I am going to talk about (inexhaustively) the several hot-spots where uncertainty is engendered and propagated in each stage of the scientific method. I wish to describe the role of uncertainty in the following order, which can also be interpreted as multiple ways of thinking about science itself: application (technology), ideas (body of knowledge), and the method of doing science itself.

Applications (Technology)

The application of the scientific body of knowledge leads to devices, gadgets and the level of abstraction that can possibly be beneficial to society. When people say scientists should be careful about their work, they actually mean scientists should be careful about the applications of their work. The study of atoms is not dangerous, the bomb that we make with that knowledge is.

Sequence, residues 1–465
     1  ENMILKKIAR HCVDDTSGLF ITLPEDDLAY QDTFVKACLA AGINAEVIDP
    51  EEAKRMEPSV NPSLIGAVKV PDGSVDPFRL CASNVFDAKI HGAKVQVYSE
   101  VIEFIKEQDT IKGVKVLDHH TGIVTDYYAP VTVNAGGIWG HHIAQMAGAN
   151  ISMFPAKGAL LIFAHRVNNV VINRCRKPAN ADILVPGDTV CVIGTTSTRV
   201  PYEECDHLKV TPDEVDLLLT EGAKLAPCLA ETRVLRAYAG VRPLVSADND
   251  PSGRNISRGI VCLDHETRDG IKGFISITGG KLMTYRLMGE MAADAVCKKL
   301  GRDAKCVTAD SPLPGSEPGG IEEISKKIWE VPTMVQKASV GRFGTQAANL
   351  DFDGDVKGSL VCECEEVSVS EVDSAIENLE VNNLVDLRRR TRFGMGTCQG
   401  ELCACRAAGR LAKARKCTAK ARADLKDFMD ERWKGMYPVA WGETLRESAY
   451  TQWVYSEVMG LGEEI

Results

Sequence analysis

This is the first important level of uncertainty. The question of technology. Recently, this was epitomized by the invention of CRISPR-Cas9, a technology that can enable (crudely) cutting and pasting of DNA in organisms altering their genome at once. Jennifer Doudna, one of the co-inventors behind the science (essentially enabling precise gene editing) of CRISPR actually spoke against its use as a prevalent technology (at least till we can be sure about its thorough implications). Medicines can have side effects, space shuttles can crash during landing, and nuclear reactors can wreak chaos. This is probably the most difficult manifestation of uncertainty that a scientist can go through. The exact implications of paradigm-changing work, cannot be predicted no matter the amount of Nobel Prizes or the strength of your prediction machine. But the reason why this is the most inimical one, is because saying that this is a scientific problem is an exaggeration. It is actually a humanitarian problem, probably the most important one. It is our collective responsibility to decide when, and if, humans would want a gene-editing technology that could have an impact on future generations of our species, or what kind of a future we want when/if we actually end up making superintelligent machines.